I've been really enjoying training of late. I've been taking a (for me) pretty laid back approach to it. I train fairly hard and really enjoy looking at the details of what we do. I'll probably head to the syllabus day next weekend and although I may not learn anything new, I'm pretty sure I will get new insights into the material. As one of the more senior students, I have no doubt that we'll be pushed a bit mentally and physically, perhaps even do some freeplay. I used to not enjoy this type of stress and always performed pretty badly at freeplay prep and freeplay itself. My poor performance led to me worrying about it, which somehow turned the whole business into something a bit negative. This isn't a reflection on the excellent training we were given, more a view on how my own mental process goes. If things don't go well, in my mind, everything just goes to shit. I guess I am competitive after all.
However, I think I've finally got my head around not trying to be the "best" in this hobby. By this I don't mean trying to be the "best of the best" and other crap that sounds like US Marines-speak. Frankly, while possibly achievable, it's realistically improbable. I think I'll settle instead for being more competent and less competitive. Is this a cop out? Some might think so, particularly in light of the increasing interest in tournaments within the HEMA world, where despite claims that people take part to test their skills and improve their fencing, there is a clear desire, even need for some to win, win, WIN! Nothing wrong with this per se because hell, it's nice to take part and win things occasionally, but is someone who wins a longsword tournament really a representative of the "best" for that weapon? It may be so, but could it also be that they had trained specifically to be very good at tournaments, as well as being an all-round swordsman? There seems to be quite a lot of prestige and kudos for tournament winners. This is nothing new and is true for every type of competition ever held. After watching the tournaments at Swordfish for the past few years, I just sometimes wonder....Is the increase in interest in tournaments (with the attendant arguments about how different rule sets promote realism or reward buffalo-style fighters) less about being an acid test for one's skillset and really about gaining kudos from one's peers? I realise of course, that you do need to have some competitive spirit, or indeed "fighting" spirit to effectively compete against another, be it at the club level in free sparring or at a tournament. Ths is a necessary requirement. But is there a limit? Do we need to win at all costs? If the answer is yes, does this still encompass using proper historic technique, meisterhau, control and respect for the other competitior? If not, then IMO, someone who wins a tournament like this is not the best swordsman and ultimately, a poor representative for HEMA.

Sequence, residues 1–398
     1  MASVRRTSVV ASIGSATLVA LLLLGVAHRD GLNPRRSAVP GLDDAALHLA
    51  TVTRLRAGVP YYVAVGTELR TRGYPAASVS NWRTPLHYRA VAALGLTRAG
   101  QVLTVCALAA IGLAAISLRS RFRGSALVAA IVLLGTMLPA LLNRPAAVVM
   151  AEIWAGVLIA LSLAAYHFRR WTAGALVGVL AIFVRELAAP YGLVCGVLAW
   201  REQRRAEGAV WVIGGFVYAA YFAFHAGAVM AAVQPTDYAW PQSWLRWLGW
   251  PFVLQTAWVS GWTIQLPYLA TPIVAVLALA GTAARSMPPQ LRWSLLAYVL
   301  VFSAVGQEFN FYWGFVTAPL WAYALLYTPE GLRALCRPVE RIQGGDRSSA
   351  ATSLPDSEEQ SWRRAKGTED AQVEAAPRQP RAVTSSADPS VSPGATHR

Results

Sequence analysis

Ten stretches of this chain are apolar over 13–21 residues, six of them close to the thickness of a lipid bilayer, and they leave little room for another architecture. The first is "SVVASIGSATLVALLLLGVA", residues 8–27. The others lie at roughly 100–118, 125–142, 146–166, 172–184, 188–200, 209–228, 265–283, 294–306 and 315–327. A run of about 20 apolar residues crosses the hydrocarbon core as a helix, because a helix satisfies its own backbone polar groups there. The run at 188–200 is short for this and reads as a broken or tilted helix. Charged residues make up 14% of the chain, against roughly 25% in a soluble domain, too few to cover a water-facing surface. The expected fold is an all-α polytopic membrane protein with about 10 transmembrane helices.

Just my two sents.